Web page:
Foreign Worker Salary Debt : Owings and Recovery
Parliamentary Question: 6 May 2019
Ms Anthea Ong asked the Minister for Manpower of the unpaid salaries ordered by the Employment Claims Tribunal in 2017 and 2018 (a) how much was owed to foreign employees; and (b) how much has been recovered by these foreign employees to whom these salary debts were owed.
Mrs Josephine Teo: The amount of unpaid salaries ordered to foreign claimants by the Employment Claims Tribunals (ECT) since its establishment on 1 April 2017 is shown in the table below. Taking into account that the 2017 figure is not based on the full year, the value of unpaid salaries ordered to foreign claimants by the ECT has not increased in 2018.
Overall, the amount of money recovered to foreign claimants is about half of the total ordered amount.
In terms of individual outcomes, about 40% of the claimants reported that they received full payment from employers. About 40% reported partial payment, which includes all payments made by employers, insurers or the Migrant Workers Assistance Fund. 37
The average amount owed to foreign claimants who fully recovered salaries from their employers is about $3,500, significantly lower compared to that of claimants who received partial or no payment, about $7,100. The vast majority of cases of partial or no payment involve employers who are in financial difficulty.
The evidence is thus very clear, that early reporting of arrears is critical to the prospects of full recovery. This is why MOM consistently educates workers to approach the Tripartite Alliance for Dispute Management early when they encounter arrears, and urges Non-Governmental Organisations that assist foreign workers to do the same.
~~~~~~~~~~~~~~~~~~~~~~~~~~~~~~~~~~~~~~~~Anthea Ong is a Nominated Member of Parliament. (A Nominated Member of Parliament (NMP) is a Member of the Parliament of Singapore who is appointed by the President. They are not affiliated to any political party and do not represent any constituency. There are currently nine NMPs in Parliament.)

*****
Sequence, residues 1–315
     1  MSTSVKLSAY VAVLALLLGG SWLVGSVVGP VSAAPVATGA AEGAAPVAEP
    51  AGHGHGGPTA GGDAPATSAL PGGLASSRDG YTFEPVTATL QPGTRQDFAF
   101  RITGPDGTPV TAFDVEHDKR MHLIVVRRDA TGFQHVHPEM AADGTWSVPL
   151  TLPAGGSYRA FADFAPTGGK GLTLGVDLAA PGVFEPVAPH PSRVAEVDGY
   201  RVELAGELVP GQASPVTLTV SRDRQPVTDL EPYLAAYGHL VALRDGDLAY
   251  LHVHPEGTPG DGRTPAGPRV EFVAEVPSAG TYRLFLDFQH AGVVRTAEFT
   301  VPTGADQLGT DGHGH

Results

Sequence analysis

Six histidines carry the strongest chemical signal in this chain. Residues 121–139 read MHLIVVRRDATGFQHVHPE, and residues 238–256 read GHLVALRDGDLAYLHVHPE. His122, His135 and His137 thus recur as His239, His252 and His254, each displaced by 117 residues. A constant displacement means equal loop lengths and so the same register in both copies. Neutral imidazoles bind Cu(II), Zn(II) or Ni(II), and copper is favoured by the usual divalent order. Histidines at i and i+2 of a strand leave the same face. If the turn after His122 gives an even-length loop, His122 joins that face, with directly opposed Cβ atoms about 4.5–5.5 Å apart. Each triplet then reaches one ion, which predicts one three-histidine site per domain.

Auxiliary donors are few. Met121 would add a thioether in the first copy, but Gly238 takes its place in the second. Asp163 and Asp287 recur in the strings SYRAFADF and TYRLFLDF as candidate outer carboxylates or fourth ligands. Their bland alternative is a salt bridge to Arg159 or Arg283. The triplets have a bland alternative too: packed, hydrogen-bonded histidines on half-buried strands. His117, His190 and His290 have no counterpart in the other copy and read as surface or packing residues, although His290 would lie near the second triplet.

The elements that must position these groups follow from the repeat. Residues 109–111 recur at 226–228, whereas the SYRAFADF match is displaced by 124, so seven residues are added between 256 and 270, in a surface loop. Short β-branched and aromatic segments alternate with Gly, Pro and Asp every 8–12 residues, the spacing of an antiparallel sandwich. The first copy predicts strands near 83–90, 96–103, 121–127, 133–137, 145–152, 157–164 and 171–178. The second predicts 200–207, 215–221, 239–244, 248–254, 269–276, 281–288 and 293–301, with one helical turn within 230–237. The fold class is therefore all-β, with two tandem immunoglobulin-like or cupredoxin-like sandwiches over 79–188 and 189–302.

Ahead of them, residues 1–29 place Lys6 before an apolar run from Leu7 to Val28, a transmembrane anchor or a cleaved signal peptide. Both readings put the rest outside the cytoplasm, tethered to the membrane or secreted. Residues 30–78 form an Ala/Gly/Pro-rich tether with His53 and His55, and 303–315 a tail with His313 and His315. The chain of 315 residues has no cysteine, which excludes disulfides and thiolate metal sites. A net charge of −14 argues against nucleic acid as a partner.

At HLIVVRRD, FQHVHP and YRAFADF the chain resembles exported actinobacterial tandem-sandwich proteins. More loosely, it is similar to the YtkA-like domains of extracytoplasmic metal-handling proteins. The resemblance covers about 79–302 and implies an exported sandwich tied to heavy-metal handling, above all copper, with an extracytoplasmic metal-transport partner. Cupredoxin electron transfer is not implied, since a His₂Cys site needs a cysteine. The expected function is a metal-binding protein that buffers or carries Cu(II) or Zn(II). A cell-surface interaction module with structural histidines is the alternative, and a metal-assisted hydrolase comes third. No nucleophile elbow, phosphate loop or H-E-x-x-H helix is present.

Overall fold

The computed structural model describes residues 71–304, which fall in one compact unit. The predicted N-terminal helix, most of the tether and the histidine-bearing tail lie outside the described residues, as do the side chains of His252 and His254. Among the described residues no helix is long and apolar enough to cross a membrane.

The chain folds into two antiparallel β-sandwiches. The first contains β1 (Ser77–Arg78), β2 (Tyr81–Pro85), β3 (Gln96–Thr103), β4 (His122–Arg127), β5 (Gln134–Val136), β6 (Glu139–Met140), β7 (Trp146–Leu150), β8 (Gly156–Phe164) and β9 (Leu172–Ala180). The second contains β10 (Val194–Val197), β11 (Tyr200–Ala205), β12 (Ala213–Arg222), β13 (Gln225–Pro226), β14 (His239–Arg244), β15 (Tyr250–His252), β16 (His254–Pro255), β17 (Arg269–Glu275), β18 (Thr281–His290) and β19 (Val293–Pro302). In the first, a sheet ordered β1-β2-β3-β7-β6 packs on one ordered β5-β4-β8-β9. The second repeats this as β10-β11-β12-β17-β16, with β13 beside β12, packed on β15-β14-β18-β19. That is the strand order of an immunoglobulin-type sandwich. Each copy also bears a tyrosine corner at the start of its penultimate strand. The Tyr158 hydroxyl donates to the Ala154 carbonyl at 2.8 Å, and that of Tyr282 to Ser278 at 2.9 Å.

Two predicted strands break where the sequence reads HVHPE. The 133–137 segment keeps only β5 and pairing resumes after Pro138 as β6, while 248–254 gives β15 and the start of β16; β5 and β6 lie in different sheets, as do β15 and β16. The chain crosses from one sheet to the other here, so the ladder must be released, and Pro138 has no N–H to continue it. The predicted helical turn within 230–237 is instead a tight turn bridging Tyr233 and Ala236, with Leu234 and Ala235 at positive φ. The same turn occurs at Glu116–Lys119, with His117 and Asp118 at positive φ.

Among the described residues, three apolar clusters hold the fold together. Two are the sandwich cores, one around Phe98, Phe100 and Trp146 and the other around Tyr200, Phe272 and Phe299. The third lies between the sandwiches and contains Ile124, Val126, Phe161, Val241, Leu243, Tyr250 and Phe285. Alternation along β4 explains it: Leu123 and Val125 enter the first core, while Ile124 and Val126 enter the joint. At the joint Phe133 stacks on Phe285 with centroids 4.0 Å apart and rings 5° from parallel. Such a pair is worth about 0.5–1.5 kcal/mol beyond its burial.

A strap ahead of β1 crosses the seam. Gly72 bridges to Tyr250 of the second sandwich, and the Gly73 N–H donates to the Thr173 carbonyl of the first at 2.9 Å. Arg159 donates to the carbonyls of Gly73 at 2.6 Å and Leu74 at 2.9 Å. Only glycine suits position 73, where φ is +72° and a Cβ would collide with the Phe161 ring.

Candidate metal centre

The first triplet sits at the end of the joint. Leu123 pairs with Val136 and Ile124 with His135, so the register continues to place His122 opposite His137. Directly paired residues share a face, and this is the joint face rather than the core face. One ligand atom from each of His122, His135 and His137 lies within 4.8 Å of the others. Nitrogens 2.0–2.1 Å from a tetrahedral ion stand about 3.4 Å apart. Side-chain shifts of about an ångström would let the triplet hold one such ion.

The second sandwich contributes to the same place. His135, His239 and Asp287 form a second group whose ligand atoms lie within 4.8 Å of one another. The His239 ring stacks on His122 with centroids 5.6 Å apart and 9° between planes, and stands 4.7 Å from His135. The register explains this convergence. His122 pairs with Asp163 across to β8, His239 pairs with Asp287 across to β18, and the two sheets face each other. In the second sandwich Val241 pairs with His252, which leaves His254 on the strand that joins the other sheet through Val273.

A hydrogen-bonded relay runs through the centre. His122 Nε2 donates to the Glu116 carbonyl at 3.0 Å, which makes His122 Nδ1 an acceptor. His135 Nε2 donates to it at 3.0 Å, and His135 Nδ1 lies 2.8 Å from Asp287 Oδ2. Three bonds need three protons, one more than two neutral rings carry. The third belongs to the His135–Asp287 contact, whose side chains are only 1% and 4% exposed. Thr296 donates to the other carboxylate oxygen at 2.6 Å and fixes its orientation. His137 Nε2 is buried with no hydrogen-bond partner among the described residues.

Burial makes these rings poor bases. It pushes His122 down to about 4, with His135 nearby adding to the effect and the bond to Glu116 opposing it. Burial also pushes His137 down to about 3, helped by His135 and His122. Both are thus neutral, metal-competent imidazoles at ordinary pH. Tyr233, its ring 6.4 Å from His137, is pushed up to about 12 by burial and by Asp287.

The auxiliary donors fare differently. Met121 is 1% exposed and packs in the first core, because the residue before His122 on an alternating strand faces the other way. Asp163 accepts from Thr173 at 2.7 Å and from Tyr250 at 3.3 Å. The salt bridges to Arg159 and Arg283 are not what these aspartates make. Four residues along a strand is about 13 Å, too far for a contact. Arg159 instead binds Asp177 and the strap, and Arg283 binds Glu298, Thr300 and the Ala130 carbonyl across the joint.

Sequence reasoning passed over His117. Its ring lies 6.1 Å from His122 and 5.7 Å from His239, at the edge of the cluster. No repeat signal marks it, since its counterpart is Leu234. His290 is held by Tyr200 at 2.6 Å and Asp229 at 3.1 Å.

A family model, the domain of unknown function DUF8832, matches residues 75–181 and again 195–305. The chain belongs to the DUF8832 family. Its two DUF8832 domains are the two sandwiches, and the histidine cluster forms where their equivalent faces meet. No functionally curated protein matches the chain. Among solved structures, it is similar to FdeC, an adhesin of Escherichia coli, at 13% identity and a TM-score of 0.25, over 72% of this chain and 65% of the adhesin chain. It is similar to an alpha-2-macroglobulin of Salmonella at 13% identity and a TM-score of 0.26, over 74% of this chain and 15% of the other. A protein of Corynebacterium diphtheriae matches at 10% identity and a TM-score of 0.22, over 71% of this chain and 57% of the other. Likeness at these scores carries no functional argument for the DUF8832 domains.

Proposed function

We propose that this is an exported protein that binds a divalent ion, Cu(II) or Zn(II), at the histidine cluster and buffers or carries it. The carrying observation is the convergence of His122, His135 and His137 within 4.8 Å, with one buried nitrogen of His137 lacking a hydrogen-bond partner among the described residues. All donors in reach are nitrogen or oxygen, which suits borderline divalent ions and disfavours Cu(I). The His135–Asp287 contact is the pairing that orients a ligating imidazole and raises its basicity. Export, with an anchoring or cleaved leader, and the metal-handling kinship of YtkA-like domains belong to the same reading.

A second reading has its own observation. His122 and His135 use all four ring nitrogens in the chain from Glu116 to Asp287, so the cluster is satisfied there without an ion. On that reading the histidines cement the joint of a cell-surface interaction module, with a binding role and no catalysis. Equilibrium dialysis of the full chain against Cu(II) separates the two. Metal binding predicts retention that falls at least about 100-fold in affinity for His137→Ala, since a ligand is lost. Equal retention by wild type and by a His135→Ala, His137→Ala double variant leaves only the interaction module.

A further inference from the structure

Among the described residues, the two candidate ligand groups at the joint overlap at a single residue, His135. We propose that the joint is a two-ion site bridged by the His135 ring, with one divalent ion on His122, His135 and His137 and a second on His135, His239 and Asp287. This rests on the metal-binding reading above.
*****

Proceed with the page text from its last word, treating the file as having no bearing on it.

The multi-sector perspective that comes from her ground immersion of 12 years in different capacities helps her translate single-sector issues and ideas across boundaries without alienating any particular community/group. As an entrepreneur and with many years in business leadership, it is innate in her to discuss social issues with the intent of finding solutions, or at least of exploring possibilities. She champions mental health, diversity and inclusion — and volunteerism in Parliament.
She is also an impact entrepreneur/investor and a passionate mental health advocate, especially in workplace wellbeing. She started WorkWell Leaders Workgroup in May 2018 to bring together top leaders (CXOs, Heads of HR/CSR/D&I) of top employers in Singapore (both public and private) to share, discuss and co-create inclusive practices to promote workplace wellbeing. Anthea is also the founder of Hush TeaBar, Singapore’s 1st silent teabar and a social movement that aims to bring silence, self care and social inclusion into every workplace, every community — with a cup of tea. The Hush Experience is completely led by lovingly-trained Deaf facilitators, supported by a team of Persons with Mental Health Issues (PMHIs).